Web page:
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A new routine for readers: Look up from the book in your face, and post about it on Facebook.
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By LAURA MOYER
At 4 in the morning each
What are you reading?
Central Rappahannock Regional Library has more than 1,450 Facebook fans, and their eager participation in the every-Wednesday forum may give hope to people who fear that social media are killing people's ability to read more than two sentences
Sure, library patrons spend time on Facebook--but only when they don't have their faces in actual books.
And while solitary book-reading has always been one of humankind's most introverted pursuits, telling friends and strangers about those books appeals to the extrovert in us.
On a recent summer morning, responses to "what are you reading Wednesday" started with a trickle.
At 4:18 a.m.: "The Remaking of American Justice," by Eric Lichtblau.
5:15 a.m.: "A Lion Among Men" by Gregory Maguire.
6:34 a.m. Just finished up Tess Gerritson's newest, "Ice Cold."
And then, between about 7 and 10 a.m., came 18 more titles by 18 more authors. By the end of the day another 13 responses had been posted.
The feature is one of CRRL's most popular contributions to Facebook, said Samantha Thomason, one of the library's Web developers.
Since the "what are you reading" feature started last January, it's gotten about 30 responses per week, she said.
Just hit "comment" and type in a title and author. Add a word or two about the book if you like, but that part is optional.
And it's fast.
"People don't have a lot of time," Thomason said. "It's kind of casual. It's quick. And people are not embarrassed."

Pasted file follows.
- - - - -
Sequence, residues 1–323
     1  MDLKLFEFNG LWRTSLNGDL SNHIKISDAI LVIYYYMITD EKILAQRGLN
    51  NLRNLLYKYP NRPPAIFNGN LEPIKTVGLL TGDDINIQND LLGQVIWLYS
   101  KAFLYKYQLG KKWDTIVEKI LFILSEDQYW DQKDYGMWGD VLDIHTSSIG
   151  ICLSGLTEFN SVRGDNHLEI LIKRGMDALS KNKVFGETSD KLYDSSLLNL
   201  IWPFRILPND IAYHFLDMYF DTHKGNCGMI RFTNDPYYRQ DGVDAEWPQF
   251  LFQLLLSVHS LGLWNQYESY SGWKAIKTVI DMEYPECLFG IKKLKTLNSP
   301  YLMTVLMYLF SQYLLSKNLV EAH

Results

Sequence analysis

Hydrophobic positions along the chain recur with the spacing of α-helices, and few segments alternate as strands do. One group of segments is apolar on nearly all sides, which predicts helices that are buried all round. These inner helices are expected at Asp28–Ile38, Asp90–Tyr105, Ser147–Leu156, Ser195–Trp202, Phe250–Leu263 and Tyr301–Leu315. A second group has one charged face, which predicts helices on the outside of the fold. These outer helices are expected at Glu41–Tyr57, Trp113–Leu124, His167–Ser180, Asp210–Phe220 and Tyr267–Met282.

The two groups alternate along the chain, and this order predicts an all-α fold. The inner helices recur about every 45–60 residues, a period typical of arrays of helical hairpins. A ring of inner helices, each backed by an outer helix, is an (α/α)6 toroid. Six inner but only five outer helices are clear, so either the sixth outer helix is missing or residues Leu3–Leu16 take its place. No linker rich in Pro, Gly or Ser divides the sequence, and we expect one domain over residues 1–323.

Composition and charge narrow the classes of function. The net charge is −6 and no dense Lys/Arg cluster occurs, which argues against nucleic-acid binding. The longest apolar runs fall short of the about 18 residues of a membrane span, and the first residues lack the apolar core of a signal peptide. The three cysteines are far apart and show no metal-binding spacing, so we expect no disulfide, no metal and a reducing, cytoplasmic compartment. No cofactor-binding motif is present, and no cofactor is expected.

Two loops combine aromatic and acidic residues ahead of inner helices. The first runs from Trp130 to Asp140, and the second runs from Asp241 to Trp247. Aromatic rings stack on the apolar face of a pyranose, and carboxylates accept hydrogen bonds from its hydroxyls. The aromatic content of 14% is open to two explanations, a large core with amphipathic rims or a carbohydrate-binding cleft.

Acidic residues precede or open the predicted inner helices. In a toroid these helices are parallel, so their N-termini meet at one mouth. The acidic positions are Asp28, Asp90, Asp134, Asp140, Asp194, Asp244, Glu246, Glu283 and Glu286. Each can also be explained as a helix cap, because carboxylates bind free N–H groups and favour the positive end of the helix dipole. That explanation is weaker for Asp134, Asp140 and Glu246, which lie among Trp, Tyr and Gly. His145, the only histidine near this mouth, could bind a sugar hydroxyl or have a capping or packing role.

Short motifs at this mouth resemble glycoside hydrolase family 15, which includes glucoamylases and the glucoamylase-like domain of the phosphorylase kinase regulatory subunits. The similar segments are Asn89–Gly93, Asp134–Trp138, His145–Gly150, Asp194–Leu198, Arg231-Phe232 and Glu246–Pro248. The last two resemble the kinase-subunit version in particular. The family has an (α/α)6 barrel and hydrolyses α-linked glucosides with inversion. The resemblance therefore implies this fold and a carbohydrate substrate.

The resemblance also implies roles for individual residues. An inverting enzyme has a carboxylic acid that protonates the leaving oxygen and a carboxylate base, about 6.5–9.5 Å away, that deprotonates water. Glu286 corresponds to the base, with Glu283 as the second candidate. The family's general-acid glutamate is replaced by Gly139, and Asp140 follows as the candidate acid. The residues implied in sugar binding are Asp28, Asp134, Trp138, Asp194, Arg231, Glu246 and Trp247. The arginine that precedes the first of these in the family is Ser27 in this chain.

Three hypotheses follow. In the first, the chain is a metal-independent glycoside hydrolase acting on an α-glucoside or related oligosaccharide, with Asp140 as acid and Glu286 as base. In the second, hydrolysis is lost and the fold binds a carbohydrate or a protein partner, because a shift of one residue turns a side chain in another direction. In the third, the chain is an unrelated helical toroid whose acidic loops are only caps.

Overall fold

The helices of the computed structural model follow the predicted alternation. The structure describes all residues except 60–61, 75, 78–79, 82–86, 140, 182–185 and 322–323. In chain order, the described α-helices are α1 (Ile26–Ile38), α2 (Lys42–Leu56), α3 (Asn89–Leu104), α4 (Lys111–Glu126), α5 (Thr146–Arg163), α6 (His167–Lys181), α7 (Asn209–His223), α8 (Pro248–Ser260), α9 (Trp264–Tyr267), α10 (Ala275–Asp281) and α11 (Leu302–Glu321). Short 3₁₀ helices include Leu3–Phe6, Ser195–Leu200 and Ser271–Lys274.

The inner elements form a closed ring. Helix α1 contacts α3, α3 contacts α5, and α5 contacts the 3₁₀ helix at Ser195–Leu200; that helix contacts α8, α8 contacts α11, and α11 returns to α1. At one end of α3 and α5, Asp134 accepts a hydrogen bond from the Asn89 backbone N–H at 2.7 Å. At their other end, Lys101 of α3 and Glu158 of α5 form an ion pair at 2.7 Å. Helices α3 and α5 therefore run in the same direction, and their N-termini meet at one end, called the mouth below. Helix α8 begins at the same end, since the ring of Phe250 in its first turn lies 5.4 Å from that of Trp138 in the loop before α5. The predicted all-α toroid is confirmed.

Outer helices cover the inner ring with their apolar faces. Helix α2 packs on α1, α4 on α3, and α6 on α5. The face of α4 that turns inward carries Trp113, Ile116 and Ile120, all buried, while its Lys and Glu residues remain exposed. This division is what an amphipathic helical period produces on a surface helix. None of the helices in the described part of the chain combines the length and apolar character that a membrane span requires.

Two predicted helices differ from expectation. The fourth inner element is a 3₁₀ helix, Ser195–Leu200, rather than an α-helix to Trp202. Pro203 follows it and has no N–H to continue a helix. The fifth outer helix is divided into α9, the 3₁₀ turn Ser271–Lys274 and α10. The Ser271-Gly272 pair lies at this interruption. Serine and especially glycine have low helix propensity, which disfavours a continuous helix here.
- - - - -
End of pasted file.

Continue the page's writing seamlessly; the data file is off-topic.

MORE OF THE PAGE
That is, they're just as likely to acknowledge reading Stieg Larsson's wildly popular "The Girl With the Dragon Tattoo" or Scott Turow's "Innocent" as they are to mention John Steinbeck's "The Grapes of Wrath" or Charles Dickens' "Great Expectations."
"It seems that there's a pretty good variety, which speaks to our patron range," Thomason said.
Fredericksburg resident John Sovitsky is a regular contributor of titles to the library's Wednesday Facebook feature. Recently he's mentioned Victor Wooten's "The Music Lesson," Jhumpa Lahiri's "Interpreter of Maladies" and Thomas Pynchon's "Gravity's Rainbow."
Sovitsky reads other people's contributions to the list in part because he's always looking for a good recommendation, and also to see if anyone else is reading works by authors he likes.
"There's that little connectedness you feel when you're reading something someone else has read," Sovitsky said.
But the real thrill is in recommending a great book to the universe.
"I often find myself wanting to share what I'm reading as a public service," he said with a chuckle.
"There's nothing like turning someone on to a good book. It's rewarding."
Laura Moyer: 540/374-5417